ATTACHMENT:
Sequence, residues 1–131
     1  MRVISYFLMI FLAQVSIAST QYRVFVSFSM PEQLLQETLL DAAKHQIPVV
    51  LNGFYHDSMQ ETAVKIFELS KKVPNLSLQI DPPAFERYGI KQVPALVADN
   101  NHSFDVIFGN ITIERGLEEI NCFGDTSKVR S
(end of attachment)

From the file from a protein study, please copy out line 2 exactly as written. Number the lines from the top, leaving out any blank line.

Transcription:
     1  MRVISYFLMI FLAQVSIAST QYRVFVSFSM PEQLLQETLL DAAKHQIPVV